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Puncturing Skepticism About Healing Power

The Jamaica businesswoman waited a full year before writing to her doctor to thank him for having recommended that she try acupuncture for the excruciating back pain the doctor had been unable to relieve.

It took that long before she was truly convinced that the alternative th

erapy was not some quick fix, but a lasting one.


She had leafed through the Yellow Pages, settling on a practitioner of the ancient medical technique, Henry Zhong-Hong Lee, and made an appointment to see him.


“He promised that I would be relieved of pain after eight weekly treatments,” the woman wrote in the letter she ultimately sent her doctor. Contrary to Lee’s prediction, she stated, “I have been pain-free after only six treatments.”


“I waited a year before writing this letter,” the businesswoman wrote, “because I wanted to be certain that I was not dependent upon treatment or psychosomatic suggestions.”


Her initial trepidation wasn’t that unusual. Although acupuncture predates recorded history and has been practiced in China for about 6000 years, it only started to gain acceptance in the United States in 1972.


The idea of using needles, even hair-thin and largely painless ones, to treat a vast range of ailments is still viewed with skepticism by many Americans. (Her letter and others like it are testimonials that were sent to Lee, but he declined to release names to protect their privacy.)

But this ancient method of healing is becoming increasingly popular, as more and more people, who generally turn to it as a last resort, have experienced relief from conditions that sometimes baffle mainstream physicians.


With the help of acupuncture, some people have stopped smoking, lost weight, or recovered strength and coordination in their battle with multiple sclerosis. Others become fertile, get relief from hives, carpal tunnel syndrome, or sciatica.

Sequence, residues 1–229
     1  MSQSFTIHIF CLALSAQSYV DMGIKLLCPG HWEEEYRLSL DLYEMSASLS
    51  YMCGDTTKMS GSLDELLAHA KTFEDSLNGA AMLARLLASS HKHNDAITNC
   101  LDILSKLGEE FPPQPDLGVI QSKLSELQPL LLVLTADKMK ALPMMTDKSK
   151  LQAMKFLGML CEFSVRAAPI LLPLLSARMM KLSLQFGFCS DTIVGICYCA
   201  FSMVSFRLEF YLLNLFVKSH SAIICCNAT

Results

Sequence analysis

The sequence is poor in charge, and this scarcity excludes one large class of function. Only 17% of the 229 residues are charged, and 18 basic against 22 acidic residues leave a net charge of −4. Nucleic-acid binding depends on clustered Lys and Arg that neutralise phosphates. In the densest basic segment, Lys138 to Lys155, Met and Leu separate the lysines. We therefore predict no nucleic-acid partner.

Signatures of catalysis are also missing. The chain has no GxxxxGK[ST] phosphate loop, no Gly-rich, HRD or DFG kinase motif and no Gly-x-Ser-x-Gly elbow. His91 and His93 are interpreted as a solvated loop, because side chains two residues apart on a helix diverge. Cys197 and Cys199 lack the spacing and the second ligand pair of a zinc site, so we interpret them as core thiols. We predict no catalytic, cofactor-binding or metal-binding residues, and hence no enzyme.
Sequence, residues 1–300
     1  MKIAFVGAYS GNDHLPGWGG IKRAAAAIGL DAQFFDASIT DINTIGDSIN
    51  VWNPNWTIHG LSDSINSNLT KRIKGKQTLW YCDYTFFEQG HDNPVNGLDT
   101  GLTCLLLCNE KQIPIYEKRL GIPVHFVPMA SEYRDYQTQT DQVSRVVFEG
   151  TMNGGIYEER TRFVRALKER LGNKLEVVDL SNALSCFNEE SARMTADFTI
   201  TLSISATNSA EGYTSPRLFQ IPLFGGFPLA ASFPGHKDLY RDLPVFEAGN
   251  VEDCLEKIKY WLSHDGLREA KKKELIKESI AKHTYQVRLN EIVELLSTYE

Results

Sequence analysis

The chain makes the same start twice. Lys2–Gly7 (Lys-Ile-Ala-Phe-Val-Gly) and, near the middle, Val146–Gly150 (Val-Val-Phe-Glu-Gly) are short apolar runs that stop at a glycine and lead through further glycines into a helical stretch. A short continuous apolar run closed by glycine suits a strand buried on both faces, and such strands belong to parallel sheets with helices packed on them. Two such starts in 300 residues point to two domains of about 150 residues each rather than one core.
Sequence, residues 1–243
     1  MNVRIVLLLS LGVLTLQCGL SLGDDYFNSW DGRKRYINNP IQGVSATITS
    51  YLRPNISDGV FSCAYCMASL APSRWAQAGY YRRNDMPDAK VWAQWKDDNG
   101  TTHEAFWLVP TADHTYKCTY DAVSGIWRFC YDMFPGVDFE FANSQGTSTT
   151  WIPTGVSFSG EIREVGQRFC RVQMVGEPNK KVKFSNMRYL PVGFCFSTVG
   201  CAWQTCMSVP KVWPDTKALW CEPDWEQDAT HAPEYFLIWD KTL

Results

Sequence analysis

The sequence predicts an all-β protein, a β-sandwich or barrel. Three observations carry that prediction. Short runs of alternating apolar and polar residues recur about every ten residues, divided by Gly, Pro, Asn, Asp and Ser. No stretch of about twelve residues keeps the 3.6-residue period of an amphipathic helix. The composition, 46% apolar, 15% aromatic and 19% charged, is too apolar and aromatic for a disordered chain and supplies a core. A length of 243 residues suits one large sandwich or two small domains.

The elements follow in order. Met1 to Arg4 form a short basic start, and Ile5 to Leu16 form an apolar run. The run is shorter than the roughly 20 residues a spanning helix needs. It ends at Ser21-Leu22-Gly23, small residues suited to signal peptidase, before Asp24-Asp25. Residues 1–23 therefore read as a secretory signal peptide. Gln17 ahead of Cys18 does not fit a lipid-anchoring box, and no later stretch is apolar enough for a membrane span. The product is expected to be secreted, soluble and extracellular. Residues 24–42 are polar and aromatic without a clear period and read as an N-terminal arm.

A Long Island woman, who said she “stumbled along, out of control with vertigo,” credits acupuncture for helping her to walk straight and “for allowing me to reclaim my life.”


A patient with neuralgia, a nervous-system disorder, said acupuncture gave her once again “the ability to speak with ease, eat, and smile.”


Still another convert to acupuncture, a 78 year old woman who suffered with herniated discs, sciatica, headaches, neck aches, and back pain, said “I am now chasing my grandson all around the house.”


All have been patients of Lee, the president of the American Acupuncture Association. A state-licensed acupuncturists and an expert in Chinese herbal medicine, Lee treats them at his East West Natural Healing Center, which had offices in Flushing and Hicksville.


Lee has been a practitioner of acupuncture for 24 years. He was born in China and was introduced to the treatment method at age 16; he was an apprentice to a doctor on a farm where he was sent to toil during the Cultural Revolution.


Years of training in traditional Chinese medicine, herbal medicine, and Western medicine, including psychiatry and neurology, followed. The preparation, Lee said, equipped him to earn a degree in Eastern medicine form Traditional Chinese Medical College and a degree in Western medicine form Beijing Medical College. Working alongside famous Chinese medical experts, he developed his own systems, plus an ability to “tailor” herbs to each patient’s condition.


“I learned a lot,” said Lee, “I spent years doing research.” He is 

also a member of the World Acupuncture Organization headquartered in Beijing, China.


Lee arrived in the United States 14 years ago. He soon began the process of qualifying as a New York State certified MD but had to give up the effort because his wife became pregnant with their first child.